By DOTTY NIST
Walton County District 5 Commissioner Cecilia Jones hosted a meeting of a group of people enthusiastic about the possibility of a saltwater fish hatchery/marine plant nursery in Walton County.
Among the benefits touted for such a facility were help for impacted populations fish species, water quality improvement, enhancement of fishing opportunities, gains in tourism, educational opportunities, and job creation.
The gathering took place on Aug. 3 at District 5 headquarters in Grayton Beach and included a trip to a potential location for the facility.
Jones explained that the facility was one of a list of proposals in Walton County to be considered for funding by BP through the NRDA (Natural Resources Damage Assessment) process. Conducted under regulations developed by the National Oceanic and Atmospheric Administration (NOAA), the process is aimed at addressing natural resource damage suffered by the public as a result of the Deepwater Horizon oil spill.
For information on hatcheries and assistance, Jones had contacted the Wildlife Foundation of Florida, the nonprofit citizen support organization for the Florida Fish and Wildlife Conservation Commission. The foundation supervises the Marine Fisheries Enhancement Initiative, a public-private partnership involving not only fish production but marine habitat restoration.
Brett Boston, foundation executive director, provided a presentation to the group. Attendees included included potential stakeholders and partners in the envisioned Walton County hatchery, among them representatives of the Northwest Florida Water Management District, the Choctawhatchee Basin Alliance, Lakewatch, and Walton County.
Boston explained that the Wildlife Foundation of Florida puts together partnerships that include communities, businesses, organizations and individuals for the benefit of the state’s fish and wildlife resources and habitat. He said the foundation has been involved in hatchery research for a number of years—and has been successful in breeding various fish and shellfish species. Now the research is being put to use, he noted, to help bolster fish populations by creating a network of hatcheries all over the state. In addition to direct stocking, fish species are also aided, he explained, by the production and addition of other species that are food for them and, through restoration projects, providing plants and other habitat elements that are important to their survival.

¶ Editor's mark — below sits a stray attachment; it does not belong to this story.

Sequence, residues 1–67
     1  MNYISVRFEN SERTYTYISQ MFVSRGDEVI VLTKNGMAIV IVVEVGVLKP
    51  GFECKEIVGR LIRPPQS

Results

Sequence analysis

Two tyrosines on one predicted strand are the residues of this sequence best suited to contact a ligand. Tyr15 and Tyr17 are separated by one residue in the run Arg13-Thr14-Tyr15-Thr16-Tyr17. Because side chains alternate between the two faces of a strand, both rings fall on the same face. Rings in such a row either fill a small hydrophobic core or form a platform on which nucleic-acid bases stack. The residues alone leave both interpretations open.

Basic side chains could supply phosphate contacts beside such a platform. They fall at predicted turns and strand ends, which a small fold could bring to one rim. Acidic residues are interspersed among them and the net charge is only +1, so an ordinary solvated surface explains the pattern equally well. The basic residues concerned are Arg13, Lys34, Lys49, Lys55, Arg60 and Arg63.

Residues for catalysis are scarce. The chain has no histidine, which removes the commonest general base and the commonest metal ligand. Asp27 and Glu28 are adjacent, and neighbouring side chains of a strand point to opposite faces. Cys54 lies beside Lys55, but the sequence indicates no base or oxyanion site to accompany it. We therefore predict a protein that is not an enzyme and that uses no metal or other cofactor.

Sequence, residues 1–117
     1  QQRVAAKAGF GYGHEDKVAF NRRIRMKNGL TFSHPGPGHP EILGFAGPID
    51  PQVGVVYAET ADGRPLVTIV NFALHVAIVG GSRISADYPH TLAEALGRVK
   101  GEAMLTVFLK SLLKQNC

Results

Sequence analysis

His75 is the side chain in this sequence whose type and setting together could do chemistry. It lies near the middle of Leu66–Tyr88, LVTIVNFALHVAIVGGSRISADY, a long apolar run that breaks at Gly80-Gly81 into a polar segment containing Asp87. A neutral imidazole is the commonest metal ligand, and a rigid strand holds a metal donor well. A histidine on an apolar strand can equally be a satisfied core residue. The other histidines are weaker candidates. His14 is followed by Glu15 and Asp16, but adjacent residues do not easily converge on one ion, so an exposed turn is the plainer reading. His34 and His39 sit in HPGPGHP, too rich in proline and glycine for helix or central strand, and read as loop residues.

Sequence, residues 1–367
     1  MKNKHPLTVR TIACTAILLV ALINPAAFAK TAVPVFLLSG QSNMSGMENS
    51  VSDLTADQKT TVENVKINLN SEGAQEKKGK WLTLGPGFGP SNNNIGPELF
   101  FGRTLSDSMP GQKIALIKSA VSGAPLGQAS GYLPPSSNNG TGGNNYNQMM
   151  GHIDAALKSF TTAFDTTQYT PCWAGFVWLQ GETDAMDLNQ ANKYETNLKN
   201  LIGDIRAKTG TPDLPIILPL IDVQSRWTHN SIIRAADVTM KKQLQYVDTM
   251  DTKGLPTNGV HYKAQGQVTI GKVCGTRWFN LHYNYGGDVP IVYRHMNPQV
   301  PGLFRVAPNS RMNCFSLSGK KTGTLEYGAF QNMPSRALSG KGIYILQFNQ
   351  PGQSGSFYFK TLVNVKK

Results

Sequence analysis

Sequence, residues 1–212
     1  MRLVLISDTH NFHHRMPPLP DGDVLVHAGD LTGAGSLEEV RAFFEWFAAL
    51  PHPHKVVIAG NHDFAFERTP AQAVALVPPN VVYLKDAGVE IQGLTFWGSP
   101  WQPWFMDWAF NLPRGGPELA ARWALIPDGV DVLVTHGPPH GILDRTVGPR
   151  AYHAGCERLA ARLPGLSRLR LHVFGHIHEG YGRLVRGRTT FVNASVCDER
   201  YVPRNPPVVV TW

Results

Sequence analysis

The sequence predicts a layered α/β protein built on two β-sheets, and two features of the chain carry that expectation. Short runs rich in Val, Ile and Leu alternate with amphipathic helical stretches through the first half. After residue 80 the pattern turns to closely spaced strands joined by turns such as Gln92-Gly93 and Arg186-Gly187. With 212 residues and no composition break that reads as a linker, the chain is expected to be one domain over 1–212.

Fish from these hatcheries are comparable to wild fish, Boston said and, in fact hatchery fish are rotated with fish taken from their native habitat. This rotation ensures genetic diversity, he explained. The production of 10 million fish per year is possible with a large hatchery, Boston said.
Ecology is a key element of the process, Boston commented. Hatchery effluent is cleansed through the use of coastal wetlands created as part of the facilities….
Read the full story in the Aug. 11, 2011 edition of the Herald Breeze.